While everyone is focused in on its upcoming Black Friday 2018 offers, we now have the Amazon Best Books of 2018 List. Back in June, the major online retailer dropped a a list of the tentative best books of the year(so far), but now we have the official collection of the top reads on Amazon for 2018.
As usual, every year Amazon drops its list of the best selling and most compelling books available on its service. Back in June, the list was headed by The Woman in the Window and Kristin Hannah’s The Great Alone: A Novel, but both of those titles have been bumped from the top 10 in the Amazon Best Books of 2018 list.
This year’s list brings together the top 100 books on the service while also offering up the top 20 in various categories. Those include biography, literary fiction, mystery, children’s books, and young adult. Hand-selected by Amazon’s in-house editors, these lists are collated all year long on a month-by-month basis and offer some great insight for gifts over the holidays or just new content to dive into for yourself.
Amazon Best Books of 2018:
The 2018 top 100 highlights Educated: A Memoir by Tara Westover as the top book of the year. The biography follows the story of Tara’s “survivalist upbringing” right through to her PhD ceremony at Cambridge University. Number two is Esi Edugyan’s Washington Black, which follows the story of an 11-year-old slave on a sci-fi-like adventure “on a par with the novels of Jules Verne.”
Some other notables at the top of the list include Stephen King’s Elevation, The Line Becomes a River from Francisco Cantú, and what probably could have won an award for the longest book title of the year, Indianapolis: The True Story of the Worst Sea Disaster in U.S. Naval History and the Fifty-Year Fight to Exonerate an Innocent Man by Lynn Vincent & Sara Vladic. You’ll find more details on those down below.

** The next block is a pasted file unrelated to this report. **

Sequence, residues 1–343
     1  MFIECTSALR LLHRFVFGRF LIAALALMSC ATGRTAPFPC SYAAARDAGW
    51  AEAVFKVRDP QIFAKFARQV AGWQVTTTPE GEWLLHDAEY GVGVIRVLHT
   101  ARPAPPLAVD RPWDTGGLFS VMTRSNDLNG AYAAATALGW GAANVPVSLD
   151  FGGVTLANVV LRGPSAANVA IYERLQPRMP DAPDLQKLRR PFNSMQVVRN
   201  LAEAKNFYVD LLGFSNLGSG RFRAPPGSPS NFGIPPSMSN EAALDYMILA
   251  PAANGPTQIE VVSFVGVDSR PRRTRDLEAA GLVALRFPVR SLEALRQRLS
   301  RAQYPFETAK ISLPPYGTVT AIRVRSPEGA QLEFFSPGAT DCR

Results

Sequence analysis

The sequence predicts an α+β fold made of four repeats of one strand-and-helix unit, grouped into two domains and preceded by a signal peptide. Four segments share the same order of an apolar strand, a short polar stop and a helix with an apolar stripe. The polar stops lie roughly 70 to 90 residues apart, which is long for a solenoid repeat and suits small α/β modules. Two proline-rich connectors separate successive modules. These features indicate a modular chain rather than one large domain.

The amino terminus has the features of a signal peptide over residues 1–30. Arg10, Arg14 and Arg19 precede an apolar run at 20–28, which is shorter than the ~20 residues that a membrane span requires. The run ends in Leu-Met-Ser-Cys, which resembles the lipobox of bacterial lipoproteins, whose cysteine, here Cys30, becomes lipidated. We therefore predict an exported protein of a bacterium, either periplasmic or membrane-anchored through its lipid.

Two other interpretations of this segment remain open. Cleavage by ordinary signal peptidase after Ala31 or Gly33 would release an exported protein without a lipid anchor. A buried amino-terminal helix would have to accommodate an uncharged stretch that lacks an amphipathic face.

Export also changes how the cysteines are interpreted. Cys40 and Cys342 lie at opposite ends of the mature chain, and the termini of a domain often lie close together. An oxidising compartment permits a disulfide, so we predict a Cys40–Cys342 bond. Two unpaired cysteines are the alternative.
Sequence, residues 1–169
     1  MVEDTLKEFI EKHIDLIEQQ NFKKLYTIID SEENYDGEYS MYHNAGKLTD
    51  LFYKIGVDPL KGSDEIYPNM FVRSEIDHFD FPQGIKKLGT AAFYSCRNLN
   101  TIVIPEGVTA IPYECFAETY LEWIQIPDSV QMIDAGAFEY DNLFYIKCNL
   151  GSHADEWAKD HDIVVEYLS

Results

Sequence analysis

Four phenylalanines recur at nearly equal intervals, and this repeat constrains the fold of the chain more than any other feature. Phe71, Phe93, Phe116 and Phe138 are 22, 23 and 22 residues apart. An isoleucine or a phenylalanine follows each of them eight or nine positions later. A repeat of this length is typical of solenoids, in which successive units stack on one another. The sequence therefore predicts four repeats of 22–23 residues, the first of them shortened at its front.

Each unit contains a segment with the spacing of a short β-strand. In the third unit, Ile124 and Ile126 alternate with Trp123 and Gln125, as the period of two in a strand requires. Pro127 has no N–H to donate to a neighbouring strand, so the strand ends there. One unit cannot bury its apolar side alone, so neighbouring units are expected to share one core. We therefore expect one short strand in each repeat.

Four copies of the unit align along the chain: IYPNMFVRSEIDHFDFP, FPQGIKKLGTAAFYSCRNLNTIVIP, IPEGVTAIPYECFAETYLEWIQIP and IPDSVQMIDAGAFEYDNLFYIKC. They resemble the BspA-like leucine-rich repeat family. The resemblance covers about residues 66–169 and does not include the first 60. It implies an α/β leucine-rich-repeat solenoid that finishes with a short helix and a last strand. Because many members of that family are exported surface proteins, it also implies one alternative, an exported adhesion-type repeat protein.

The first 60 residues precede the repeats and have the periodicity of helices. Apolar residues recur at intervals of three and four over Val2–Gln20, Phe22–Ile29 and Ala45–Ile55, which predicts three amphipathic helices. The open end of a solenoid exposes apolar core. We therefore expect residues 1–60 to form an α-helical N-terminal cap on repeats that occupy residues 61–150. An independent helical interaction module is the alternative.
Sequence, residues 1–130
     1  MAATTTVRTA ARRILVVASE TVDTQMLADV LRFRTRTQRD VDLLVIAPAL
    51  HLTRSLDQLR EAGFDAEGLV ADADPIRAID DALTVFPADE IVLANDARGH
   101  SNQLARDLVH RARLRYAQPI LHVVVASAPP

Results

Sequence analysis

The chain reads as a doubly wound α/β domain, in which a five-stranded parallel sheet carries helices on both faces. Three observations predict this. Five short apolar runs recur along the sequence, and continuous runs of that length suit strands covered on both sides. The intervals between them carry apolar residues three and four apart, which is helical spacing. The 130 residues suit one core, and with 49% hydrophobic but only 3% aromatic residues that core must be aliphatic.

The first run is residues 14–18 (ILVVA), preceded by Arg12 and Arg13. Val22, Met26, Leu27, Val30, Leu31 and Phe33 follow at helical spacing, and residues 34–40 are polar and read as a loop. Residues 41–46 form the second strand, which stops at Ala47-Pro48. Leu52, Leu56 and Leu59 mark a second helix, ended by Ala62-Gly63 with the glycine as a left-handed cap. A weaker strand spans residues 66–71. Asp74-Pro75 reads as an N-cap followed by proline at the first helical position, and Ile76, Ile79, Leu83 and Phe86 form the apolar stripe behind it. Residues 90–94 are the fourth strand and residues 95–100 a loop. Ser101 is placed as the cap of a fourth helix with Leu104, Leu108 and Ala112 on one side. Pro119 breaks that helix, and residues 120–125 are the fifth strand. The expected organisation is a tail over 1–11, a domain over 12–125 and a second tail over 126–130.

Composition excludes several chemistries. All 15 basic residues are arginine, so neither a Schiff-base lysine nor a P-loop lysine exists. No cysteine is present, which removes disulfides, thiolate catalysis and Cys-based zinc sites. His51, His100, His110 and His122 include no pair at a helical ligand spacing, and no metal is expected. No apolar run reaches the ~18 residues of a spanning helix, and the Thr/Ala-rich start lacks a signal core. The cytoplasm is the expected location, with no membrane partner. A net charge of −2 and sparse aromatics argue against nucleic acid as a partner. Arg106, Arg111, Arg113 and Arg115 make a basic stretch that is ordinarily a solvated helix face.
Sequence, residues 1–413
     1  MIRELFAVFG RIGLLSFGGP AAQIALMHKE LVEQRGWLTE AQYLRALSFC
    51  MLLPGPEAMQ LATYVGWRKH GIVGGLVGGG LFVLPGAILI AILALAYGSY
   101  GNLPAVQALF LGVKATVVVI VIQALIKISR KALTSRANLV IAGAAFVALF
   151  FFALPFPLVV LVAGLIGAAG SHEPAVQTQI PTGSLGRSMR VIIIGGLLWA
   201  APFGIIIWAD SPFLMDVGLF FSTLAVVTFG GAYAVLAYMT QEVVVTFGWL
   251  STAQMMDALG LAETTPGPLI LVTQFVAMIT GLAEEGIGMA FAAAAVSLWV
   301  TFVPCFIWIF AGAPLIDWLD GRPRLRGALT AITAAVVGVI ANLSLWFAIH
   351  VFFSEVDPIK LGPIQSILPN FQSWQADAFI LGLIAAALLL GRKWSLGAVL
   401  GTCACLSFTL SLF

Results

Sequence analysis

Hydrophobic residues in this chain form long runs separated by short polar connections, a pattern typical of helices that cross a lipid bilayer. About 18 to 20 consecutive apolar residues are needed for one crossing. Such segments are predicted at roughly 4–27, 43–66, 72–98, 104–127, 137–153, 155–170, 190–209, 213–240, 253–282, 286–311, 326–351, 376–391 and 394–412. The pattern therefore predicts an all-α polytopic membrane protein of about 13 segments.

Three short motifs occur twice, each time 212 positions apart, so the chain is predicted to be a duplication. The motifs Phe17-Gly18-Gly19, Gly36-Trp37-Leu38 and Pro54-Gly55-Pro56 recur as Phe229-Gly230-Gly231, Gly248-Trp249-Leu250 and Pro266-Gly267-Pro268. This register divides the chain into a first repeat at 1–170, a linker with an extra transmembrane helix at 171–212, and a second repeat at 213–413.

It is easy to see these lists as your basic marketing campaign for Amazon’s book services and reader hardware. But as we mentioned above, they can also offer up some great ideas for gifts over the holidays.
If you haven’t checked out Amazon Prime Book Box, now’s a good time to do so. The new service is great for avid readers and provides a selection of books to your front door every month. You’ll find all the important details on that right here.
Top 5 from the Amazon Best Books of 2018:
Tara Westover didn’t see the inside of a classroom until she was seventeen, and it was an experience that dramatically changed the trajectory of her life. This extraordinary memoirchronicles how she survived her survivalist upbringing, eventually earning a PhD from Cambridge University. Rather than a story about the making of a scholar, Educated is about the making of a person.
When an 11-year-old slave named Wash is picked to serve his master’s brother, he is terrified to leave the Barbados plantation where he lives. But what follows is adventure and scientific exploration on a par with the novels of Jules Verne. Esi Edugyan’s superb writing and inventive story telling drive this thoughtful, entertaining page-turner.
3. Indianapolis: The True Story of the Worst Sea Disaster in U.S. Naval History and the Fifty-Year Fight to Exonerate an Innocent Manby Lynn Vincent and Sara Vladic:
While readers will be riveted by the four days the Indianapolis crew spent adrift in the shark-infested Pacific, the rest of the Indianapolis‘s story is equally as tense. Vincent and Vladic include not only the expected tales of heroism under duress but the just-as-human stories of willpower bending and sanity breaking. This is history writing at its finest: shining a spotlight on a wartime tragedy that still echoes within the survivors and the Navy today.
Here is a short, heart-lifting parable by a master storyteller. When we first meet Scott Carey, he is aware that he is losing weight every day, even if he does not look any different than he did a year ago. Set in the iconic but fictional town of Castle Rock, Maine, his slow disappearance may somehow be the thing that brings the town together.
The son of a park ranger, Cantú grew up in the southwest. When he joined the Border Patrol, he witnessed the complex realities of illegal immigration, and the obligations of his job weighed heavy against his sense of humanity. With its direct, stoic prose, The Line Becomes a River is a weighty and timely document on one of our most divisive arguments.
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